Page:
Furthermore I find that the expense of shooting film is a blessing, not a curse. Why? Whenever I’m about to click the shutter, I got “skin in the game”, meaning, everytime I click the shutter it costs me something. Therefore I am very considerate before I take an image. I’m a lot more picky and selective before I shoot.

“But don’t you lose a lot of shots because you’re afraid to click the shutter?”

Not at all. What I do is this: I’m picky with the scenes I decide to shoot, but once I find an interesting scene, I’ll shoot an entire roll of film on it.

For example, I might go an entire day of not seeing anything interesting. But once I see something good, I’ll “shoot the shit out of it.” So rather than taking 1-2 photos of everything, just identify 3 good scenes a day, and try to shoot 30+ photos of each scene.

If you shoot digital, take 50, 100+ photos of the scene. For one of Alex Webb’s most famous “Barber Shop” image in istanbul, he shot 10 rolls of Kodak Kodachrome on it. Like Henri Cartier-Bresson once said, “Sometimes you got to milk the cow a lot to get a little bit of cheese.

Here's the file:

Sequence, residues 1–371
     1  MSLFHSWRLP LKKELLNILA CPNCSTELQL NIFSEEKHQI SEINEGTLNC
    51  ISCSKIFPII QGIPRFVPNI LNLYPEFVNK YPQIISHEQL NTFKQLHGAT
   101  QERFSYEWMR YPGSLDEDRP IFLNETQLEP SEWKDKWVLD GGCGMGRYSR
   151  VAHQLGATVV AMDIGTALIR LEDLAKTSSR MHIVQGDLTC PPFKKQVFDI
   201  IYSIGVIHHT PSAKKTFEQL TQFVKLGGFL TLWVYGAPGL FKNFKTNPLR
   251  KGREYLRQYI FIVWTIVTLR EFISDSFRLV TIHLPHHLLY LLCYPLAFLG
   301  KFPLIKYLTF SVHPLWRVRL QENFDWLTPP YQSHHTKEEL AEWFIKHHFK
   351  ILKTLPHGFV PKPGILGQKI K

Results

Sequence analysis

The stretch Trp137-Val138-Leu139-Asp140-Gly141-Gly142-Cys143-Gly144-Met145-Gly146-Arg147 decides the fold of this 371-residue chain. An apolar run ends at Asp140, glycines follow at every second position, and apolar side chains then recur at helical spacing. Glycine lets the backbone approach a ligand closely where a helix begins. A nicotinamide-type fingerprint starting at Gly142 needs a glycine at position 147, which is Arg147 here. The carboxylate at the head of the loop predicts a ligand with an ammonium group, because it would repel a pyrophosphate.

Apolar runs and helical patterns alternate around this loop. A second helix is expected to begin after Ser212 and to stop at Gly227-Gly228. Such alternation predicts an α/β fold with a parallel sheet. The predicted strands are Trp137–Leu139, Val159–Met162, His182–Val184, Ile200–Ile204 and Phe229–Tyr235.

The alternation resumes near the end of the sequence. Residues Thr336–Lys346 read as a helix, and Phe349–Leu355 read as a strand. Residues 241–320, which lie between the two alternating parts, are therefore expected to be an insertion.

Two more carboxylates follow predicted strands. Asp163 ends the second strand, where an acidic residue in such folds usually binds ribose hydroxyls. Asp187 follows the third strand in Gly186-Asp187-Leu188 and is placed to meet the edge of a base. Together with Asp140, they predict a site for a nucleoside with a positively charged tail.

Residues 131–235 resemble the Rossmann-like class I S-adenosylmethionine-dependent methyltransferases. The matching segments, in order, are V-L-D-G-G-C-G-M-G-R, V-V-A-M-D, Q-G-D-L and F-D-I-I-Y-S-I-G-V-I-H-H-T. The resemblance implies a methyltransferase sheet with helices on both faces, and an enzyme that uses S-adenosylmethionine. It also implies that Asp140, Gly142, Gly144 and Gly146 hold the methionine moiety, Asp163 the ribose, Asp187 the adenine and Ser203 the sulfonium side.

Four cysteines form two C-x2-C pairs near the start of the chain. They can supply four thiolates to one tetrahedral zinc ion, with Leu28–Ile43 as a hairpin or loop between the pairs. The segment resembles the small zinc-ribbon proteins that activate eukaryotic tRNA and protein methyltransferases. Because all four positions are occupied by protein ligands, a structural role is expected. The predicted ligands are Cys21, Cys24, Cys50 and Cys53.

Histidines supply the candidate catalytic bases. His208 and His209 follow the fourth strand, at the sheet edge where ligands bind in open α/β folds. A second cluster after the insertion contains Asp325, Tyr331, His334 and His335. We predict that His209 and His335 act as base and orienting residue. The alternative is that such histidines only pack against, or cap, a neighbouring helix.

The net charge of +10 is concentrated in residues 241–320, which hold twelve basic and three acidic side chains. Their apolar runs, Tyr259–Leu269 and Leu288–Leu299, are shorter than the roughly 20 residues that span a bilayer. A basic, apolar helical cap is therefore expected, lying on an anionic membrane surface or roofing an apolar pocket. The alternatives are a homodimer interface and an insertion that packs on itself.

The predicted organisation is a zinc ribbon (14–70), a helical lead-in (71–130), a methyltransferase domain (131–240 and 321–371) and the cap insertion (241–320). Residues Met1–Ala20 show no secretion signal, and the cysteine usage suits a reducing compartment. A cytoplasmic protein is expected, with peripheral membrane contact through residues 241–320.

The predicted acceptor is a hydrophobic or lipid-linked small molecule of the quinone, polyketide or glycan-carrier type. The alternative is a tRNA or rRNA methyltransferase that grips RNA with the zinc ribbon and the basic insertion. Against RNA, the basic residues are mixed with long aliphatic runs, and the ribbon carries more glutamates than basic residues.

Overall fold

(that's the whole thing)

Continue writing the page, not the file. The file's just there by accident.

Apparently even Josef Koudelka shoots 1,000 rolls of film a year. And his book “Exiles” which took him over 10 years contains fewer than 80 images. Less is more.

Morale of the story? Shoot a lot of photos, but be very selective which you decide to keep.

Don’t be disappointed

Ultimately you shoot street photography because you love it. You have enough stress and disappointment from your job, income, family life, etc. Why add additional stress, anxiety, and disappointment to your photography — which should be your joy and passion?

Hustle hard when you’re shooting on the streets, but fuck the results. Of course you want to get good shots, but don’t be disappointed if you don’t.

How can we be less disappointed when we’re shooting on the streets? Some ideas:

1. Don’t chimp

Turn off your LCD preview. If you can’t control yourself, tape it up with gaffers tape. Better yet, shoot film (then you truly won’t be tempted). I have no self control when it comes to chimping, so shooting film is the ultimate solution.

Also make it a point to look at your images infrequently as possible. I’d say if you shoot digital, let your photos “marinate” for at least a week before looking at them on your computer. On top of that, I’d suggest waiting at least a month before deciding to upload them. For me personally, it takes me about a year before I can fully emotionally detach myself from my images and identify whether my shots are truly good or not.

2. Enjoy the walk and a nice coffee